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How to protect yourself against malware, phishing and other cybercrimes

A new IT security campaign aims to help Concordians avoid becoming victims of online criminal activity
October 19, 2016
By Jesse Coady

If it’s fishy, it may be ‘phishing’ — e-mails asking for personal information are just one of many digital threats you should look out for.

The IT Services community at Concordia is kicking off a new security awareness campaign this week to highlight the increasing risks of cyberattacks.

They have developed new eye-catching posters in an effort to educate students, staff, faculty and the general public about the security risks posed by intrusive software, or ‘malware,’ and other threats to IT security. 

Mike Babin, the director of Infrastructure and Operations at IITS, says the rationale behind the campaign is to convey to students and staff the need to be vigilant about the everyday nature of security and malware threats.

“I think a lot of people are aware on some level that they need to be cautious, but they need to be reminded that certain behaviours are riskier than others,’ he says.

“A lot of these threats come through e-mail or through clicking on links in a web browser. All sorts of malicious software can be installed on your computer that way.”

Ransomware and ‘phishy’ emails

One of the spurs to action was the recent ‘ransomware’ cyberattack at the University of Calgary.

In June of this year, the university was forced to pay $20,000 in ransom after its email server was locked and encrypted by an unknown hacker. Ransomware attacks typically covertly encrypt a system’s files and demand a ransom in exchange for a decryption key.

‘Phishing’ emails are one of the more common malware threats on campus. They are electronic messages purporting to be from a reputable source — such as a bank, social media site, online payment system or IT administrator — which include requests to click on fraudulent links, open dangerous attachments or to provide personal details.

These emails are designed to fool the recipient and capture valuable confidential information, such as usernames, passwords and banking information. They often copy the logos and language of the trusted institution and can be quite convincing.

Beware of unknown devices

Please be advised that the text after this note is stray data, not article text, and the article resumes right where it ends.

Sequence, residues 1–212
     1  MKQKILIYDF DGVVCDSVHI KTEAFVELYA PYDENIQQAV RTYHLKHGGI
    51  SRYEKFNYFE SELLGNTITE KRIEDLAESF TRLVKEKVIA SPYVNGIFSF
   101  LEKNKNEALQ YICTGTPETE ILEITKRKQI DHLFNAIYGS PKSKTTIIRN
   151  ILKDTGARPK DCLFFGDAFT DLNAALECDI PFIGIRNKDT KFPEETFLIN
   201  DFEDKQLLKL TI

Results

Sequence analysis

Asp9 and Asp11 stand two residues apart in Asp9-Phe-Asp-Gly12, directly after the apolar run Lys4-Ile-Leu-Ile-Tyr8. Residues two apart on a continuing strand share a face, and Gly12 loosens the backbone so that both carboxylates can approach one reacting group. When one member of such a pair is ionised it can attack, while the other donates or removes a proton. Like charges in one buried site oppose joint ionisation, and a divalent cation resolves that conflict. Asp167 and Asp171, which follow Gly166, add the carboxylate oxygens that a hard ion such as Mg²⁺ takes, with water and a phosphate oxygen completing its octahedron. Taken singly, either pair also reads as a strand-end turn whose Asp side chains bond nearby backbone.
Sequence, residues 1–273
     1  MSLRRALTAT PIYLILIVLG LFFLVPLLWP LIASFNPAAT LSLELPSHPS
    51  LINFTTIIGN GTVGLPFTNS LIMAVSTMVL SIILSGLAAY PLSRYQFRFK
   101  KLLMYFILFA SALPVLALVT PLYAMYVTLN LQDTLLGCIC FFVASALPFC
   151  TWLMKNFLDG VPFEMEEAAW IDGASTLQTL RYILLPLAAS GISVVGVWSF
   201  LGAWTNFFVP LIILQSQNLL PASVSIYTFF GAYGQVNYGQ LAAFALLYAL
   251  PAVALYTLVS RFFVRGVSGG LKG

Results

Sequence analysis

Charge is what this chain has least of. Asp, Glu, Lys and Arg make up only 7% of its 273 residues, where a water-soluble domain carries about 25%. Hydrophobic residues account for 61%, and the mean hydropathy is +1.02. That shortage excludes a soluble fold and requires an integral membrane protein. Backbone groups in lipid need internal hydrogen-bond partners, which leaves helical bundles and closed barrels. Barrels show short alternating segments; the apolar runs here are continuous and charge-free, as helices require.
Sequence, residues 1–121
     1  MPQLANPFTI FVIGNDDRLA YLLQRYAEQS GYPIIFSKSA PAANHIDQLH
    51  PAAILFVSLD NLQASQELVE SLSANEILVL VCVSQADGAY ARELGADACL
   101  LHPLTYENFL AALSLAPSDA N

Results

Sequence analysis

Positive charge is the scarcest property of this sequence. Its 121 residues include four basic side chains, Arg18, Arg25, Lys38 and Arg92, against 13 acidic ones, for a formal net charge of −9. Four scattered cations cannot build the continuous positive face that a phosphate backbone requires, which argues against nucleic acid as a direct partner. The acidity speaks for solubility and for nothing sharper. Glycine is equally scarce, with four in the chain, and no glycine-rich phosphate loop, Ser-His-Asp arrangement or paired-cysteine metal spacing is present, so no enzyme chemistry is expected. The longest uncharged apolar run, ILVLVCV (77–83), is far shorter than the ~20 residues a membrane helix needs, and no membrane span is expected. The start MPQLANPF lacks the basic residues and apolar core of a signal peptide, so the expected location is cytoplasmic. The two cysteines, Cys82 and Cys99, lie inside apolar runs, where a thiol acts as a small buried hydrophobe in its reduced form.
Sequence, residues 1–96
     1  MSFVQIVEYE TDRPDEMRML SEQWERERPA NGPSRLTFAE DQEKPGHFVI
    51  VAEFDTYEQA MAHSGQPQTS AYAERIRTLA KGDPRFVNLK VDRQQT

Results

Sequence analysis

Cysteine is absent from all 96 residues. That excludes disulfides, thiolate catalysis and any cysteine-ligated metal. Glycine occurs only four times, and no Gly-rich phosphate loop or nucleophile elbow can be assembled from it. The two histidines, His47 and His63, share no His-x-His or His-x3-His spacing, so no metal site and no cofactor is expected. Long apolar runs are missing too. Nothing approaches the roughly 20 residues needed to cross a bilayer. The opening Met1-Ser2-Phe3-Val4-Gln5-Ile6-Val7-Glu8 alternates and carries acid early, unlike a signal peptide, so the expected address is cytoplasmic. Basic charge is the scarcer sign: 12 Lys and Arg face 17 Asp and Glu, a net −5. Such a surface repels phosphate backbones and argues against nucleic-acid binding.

One of the riskier forms of behaviour, Babin says, is using unknown devices. For instance, picking up an unknown USB key and plugging it into your computer can result in the installation of unwanted keylogging software. This form of malware covertly copies every keystroke on your keyboard and transmits it to third parties.  

While a good anti-virus system will protect students from keylogging software, it provides little or no protection against keylogging hardware.

Known as keyloggers, these physical devices resemble USB keys and are usually attached to a computer’s keyboard cable. Such technology has already been identified on campus.

IT Services recommends that students perform quick visual checks before using public computers to ensure that keyloggers have not been installed.

Be proactive

What else can staff and students do to protect themselves? Install good anti-virus software, such as Sophos, as well as web-browsing security software, says Babin.

Also, be mindful that giving out your e-mail address and other personal information online makes you a target for phishing scams and emails with malicious software attachments..

Be vigilant about where your software is coming from. And of course, when asked to provide account information by phone, URL or email, remember that this is not how business is normally conducted.

The best policy to deal with spam and phishing, according to IT security services, is to filter or delete such messages without opening them.

“People have to keep in mind that no amount of systems and programs will protect them from everything, and it’s really important that people proactively protect their information,” says Babin. “

Students are encouraged to complete the security incident report option on the MyConcordia Portal to report stolen and lost computers and mobile devices, as well as more serious security incidents that compromise their personal information.

To download the free Sophos anti-virus software, students should visit the MyConcordia Portal and select Software and Applications.

Download the free Sophos anti-virus software by visiting the MyConcordia Portal and selecting ‘Software and Applications.’

Were you the victim of a cybercrime? Was your computer or mobile device stolen or lost? Complete the security incident report available through the MyConcordia Portal


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